What I'm saying is that we used to reward people that actually made something useful, like a car, or a television or a table. That is what we should be rewarding, that is what matters. It is a mistake to put too much faith into the paper wealth created by stock market gurus. The real wealth exists in what you can make.

Take the bailout for example, the bankers and insurance companies got whatever they wanted. They produce absolutely NOTHING. When the car companies went to Washington they were made to feel like dogs and they had to agree to a host of stipulations before they got any money. I'm not saying that there shouldn't be stipulations when the government is giving out billions of dollars, what I'm saying is that I find it interesting that they treated the bankers so much differently. The car companies actually produce a real good, something I can see and touch. We have already lost our ability to make shoes and televisions in this country because we started letting other countries dominate us in those fields. If we let our ability to make cars die then we are going to be giving another huge industry over to someone else, probably China and Japan. Then what? What will we be actually able to produce in this country?

That is what I'm talking about when I say rewarding work. It's how it used to be done in the fourties and fifties. Those times didn't seem so bad.

The minimum wage is a necessary check on corporate greed, pure and simple. Instead of hurting the economy is actually helps it by giving people enough money to purchase the very goods they are helping produce. Which is the other aspect of eliminating a minimum wage. You said that if the minimum wage was eliminated companies would be able to hire more people and produce more goods. While that might be true, they would also sell fewer goods because people would have much less money to buy things. Since they would be selling less, they would have to lay-off some people, which would cause sales to fall even more. You can see where this is going. Eventually there would be an equilibrium and we would have probably a slightly higher unemployment rate than we do now (because people would be making less and thus be able to buy less) and people would be poorer than they are now, that's all that would happen.

I understand that many people think the government isn't a solution to every problem, and I agree, but the government has to do something right, it can't be all bad, or else how would it have lasted as long as it has, and how would we be able to be such a successful country?

This was a fabulous debate; I had a lot of fun with it. I would like to thank my opponent for a great back and forth and while I urge you to vote con, I think he deserves kudos for some of this arguments.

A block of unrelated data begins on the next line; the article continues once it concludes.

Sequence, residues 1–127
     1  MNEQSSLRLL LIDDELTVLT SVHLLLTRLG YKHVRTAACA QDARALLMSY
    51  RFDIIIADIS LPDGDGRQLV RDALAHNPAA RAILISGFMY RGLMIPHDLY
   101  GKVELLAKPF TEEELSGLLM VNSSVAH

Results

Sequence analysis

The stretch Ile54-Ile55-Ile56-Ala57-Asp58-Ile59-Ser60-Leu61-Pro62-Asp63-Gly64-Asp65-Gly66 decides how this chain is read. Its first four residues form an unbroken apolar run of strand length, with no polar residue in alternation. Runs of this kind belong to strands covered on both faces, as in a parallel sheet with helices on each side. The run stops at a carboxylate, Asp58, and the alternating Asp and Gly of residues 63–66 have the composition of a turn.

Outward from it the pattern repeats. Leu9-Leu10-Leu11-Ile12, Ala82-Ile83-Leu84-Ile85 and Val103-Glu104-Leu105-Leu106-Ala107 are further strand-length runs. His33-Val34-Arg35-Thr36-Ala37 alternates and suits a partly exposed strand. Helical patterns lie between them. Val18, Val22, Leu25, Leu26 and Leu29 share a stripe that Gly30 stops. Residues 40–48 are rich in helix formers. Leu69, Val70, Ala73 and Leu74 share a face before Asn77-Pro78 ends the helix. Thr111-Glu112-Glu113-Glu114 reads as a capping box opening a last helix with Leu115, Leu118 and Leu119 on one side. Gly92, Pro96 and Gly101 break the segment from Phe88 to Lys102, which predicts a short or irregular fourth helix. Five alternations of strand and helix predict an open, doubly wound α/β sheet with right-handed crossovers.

Debate Round No. 5
9 comments have been posted on this debate. Showing 1 through 9 records.
Posted by KRFournier 8 years ago
KRFournier
Too much of this debate focused on the class gap between the maga rich and mega poor. In reality, most jobs are in small to medium businesses. For them, minimum wages indeed discriminates against the really poor.

Imagine a small store owner in a medium sized town. He needs an assistant to help stock and clean. The state forces him to pay his employee $8.40 an hour (the current minimum wage in Oregon). Given a choice between a high school teenager with a car on summer break versus a single mom with three kids, he'll take the teenager. Why? The teenager has more availability and is a low-maintenance employee. His heart goes out to the mother, but with three kids and no husband, she'll be less reliable. As a worker, she is less valuable to his needs. Maybe he decides it would have been worth it to help out the mother-in-need at $5.00 per hour, but the state forbids it.

I see so many teenagers with jobs and few adults. Teenagers are eager to earn money, easy to replace, and don't have other demands on their lives. Poor adults, especially ones with poor health or with children, are high maintenance. They call in sick more or have to attend to their family. Teenagers, then, become greater in value.

I don't think minimum wage should be eliminated altogether, but it shouldn't be arbitrarily fixed so high. Maybe a balance. What if the minimum wage could be appealed in specific cases. For instance, the store owner and single mother could agree on a wage below minimum and file with the state for approval. The poor need the bottom rung.
Posted by MrMarkP37 8 years ago
MrMarkP37
What all of you seem to be forgetting is balance. Of course it would be horrible if you set the minimum wage at $100/hr, just as horrible if you abolished minimum wage and allowed companies ot pay two dollars an hour. Also, the flip side of your argument of prices going up if the minimum wage was set higher, is the fact that fewer people would be able to buy goods if they made less, or they would buy less of a staple, like food. This would mean that a company's profit margin would either remain static or even go down. Corporate wealth is not the engine that drives our economy, consumer spending is. Also, if anyone that understands economic issues is against the minimum wage, then why do we still have it? There have been many administrations from both sides of the aisle in power since it was established, there has been many opportunites for it to be abolished.
Posted by Cyrus_the_great 8 years ago
Cyrus_the_great